When she got to the front of the church and stood facing the priest, I did what we do at pairings to show respect. I made my way toward her and sniffed her butt. A good deep lung pull to show my profoundest admiration. I had assumed everybody else would follow suit, because, you know, somebody always has to be the ice-breaker, and that guy’s usually me.
I felt bad for the bride to see that no one else wanted to come up and sniff her butt. In fact, everyone looked so horrified that I had done so that I wondered what she might have done to offend them all. But it must have been pretty bad, because being the guy who dared show her respect got me escorted from the church.
But I understand that pairings can be times of stress. It is for us, too—bunch of family gathered when a lot of them can’t stand the sight of one another. I get it. I’m from a long line of Scratches-with-a-Stick, and we just cannot get along with the Pisses Anywhere.
But though we’re similar in some ways with human beings, mostly I’ve found that we’re very different from you. We’ve observed you from the shadows for thousands of years now and find you most uncivilized. For instance, you bury your dead. Why? We eat ours, as is only right. You’re not only taking in your loved one so that they become a part of you, but when protein can be rather difficult to come by, why would you waste it?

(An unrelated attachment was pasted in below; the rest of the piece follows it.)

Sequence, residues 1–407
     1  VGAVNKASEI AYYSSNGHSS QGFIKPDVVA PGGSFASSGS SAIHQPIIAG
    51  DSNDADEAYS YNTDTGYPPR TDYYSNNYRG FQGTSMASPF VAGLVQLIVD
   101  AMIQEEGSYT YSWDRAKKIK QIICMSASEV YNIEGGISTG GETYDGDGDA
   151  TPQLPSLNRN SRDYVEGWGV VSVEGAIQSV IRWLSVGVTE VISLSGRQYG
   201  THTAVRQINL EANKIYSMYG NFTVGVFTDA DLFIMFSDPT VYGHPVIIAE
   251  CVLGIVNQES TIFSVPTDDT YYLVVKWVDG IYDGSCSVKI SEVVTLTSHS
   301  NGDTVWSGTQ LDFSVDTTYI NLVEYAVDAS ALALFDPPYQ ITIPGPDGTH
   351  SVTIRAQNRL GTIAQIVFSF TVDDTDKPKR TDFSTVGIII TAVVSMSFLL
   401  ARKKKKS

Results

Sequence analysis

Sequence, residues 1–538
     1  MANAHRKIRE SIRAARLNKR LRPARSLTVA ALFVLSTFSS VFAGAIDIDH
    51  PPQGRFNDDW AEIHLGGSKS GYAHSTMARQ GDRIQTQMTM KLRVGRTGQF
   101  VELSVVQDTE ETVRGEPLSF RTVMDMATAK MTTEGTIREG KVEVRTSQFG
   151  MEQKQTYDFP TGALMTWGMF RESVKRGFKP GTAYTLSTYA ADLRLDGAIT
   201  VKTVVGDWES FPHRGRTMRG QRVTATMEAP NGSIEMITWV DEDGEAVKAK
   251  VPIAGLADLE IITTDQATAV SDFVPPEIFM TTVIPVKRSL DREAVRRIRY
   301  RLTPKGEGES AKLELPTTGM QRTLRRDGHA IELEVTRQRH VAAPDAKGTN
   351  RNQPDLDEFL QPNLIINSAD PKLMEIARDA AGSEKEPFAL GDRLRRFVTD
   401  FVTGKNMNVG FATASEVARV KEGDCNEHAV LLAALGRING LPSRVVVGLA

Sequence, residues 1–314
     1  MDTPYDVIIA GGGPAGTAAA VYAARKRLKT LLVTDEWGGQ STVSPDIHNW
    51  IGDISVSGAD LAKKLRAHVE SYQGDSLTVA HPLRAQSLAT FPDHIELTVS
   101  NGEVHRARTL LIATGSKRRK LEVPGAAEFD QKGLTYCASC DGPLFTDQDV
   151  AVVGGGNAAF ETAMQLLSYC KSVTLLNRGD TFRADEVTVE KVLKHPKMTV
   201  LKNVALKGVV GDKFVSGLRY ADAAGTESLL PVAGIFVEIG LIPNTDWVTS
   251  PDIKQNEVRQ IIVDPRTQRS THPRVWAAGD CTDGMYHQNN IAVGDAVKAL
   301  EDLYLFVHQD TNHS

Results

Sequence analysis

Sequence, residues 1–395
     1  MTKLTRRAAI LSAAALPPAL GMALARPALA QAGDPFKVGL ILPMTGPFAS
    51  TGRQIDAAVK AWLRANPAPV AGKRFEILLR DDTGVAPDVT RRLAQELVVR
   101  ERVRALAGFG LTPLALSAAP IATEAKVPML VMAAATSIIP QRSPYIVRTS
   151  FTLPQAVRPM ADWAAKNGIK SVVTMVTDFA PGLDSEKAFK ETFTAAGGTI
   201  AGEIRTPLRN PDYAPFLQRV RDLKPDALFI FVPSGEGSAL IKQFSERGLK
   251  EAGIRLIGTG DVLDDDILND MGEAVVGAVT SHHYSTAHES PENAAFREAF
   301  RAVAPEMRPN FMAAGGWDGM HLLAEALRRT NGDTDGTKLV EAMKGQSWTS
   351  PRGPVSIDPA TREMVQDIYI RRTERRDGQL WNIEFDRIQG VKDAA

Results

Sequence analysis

And about that, here’s something I’ll reveal. In more of your cemeteries than you may think, we have built elaborate tunnel systems. So once you plant your loved one in the ground and leave, we tunnel toward him or her, break through the coffin and drag off the corpse for consumption. It’s win-win. You still get to visit the grave and pay your respects, but the loved one you think is resting comfortably below is in someone’s belly and going for a nice walk in the woods. We’re good that way—respectful.
We also watch how you raise your children. Bigfeet children make sounds of protest too. But as quiet, stealth, and secrecy have kept us from your genocidal tendencies for generations, we absolutely cannot risk any kind of exposure by sound. So we must kill our loudly obstreperous kids. They get a warning—we’re known in the animal kingdom as tolerant parents—but only one. Anyone fusses a second time, we have to bash their heads in. Then eat them, of course. We’re strict disciplinarians, but very loving.